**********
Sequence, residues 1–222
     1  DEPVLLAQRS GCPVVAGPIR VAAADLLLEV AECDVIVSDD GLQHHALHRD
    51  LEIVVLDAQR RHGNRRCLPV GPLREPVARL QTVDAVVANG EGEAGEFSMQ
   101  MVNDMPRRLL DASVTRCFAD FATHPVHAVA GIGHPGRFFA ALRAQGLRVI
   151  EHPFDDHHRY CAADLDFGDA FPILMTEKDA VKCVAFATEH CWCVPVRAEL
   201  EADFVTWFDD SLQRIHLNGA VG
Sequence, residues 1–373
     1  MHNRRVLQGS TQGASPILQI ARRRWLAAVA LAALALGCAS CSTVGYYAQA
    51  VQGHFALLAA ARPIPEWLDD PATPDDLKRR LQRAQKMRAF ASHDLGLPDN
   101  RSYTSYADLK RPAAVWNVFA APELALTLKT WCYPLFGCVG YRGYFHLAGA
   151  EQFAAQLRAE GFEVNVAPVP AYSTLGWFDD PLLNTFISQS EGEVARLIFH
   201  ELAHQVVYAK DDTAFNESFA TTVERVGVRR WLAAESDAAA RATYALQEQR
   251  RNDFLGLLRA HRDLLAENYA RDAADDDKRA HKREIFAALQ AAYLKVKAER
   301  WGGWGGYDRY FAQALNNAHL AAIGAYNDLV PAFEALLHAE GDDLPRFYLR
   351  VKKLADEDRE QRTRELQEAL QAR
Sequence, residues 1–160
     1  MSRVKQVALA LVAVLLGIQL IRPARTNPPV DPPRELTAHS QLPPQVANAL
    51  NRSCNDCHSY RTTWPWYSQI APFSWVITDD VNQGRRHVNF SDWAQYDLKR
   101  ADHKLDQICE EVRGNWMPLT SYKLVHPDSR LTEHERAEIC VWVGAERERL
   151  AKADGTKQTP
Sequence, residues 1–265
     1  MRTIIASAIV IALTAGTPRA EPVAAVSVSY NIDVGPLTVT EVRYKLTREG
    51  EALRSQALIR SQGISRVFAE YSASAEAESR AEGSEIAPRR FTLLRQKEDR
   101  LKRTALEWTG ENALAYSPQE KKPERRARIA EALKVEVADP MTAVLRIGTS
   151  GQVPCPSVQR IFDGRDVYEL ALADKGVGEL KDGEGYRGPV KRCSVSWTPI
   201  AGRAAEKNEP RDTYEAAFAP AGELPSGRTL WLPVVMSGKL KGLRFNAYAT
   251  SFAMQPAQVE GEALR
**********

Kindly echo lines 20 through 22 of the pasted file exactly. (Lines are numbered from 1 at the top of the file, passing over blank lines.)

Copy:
   151  AKADGTKQTP
Sequence, residues 1–265
     1  MRTIIASAIV IALTAGTPRA EPVAAVSVSY NIDVGPLTVT EVRYKLTREG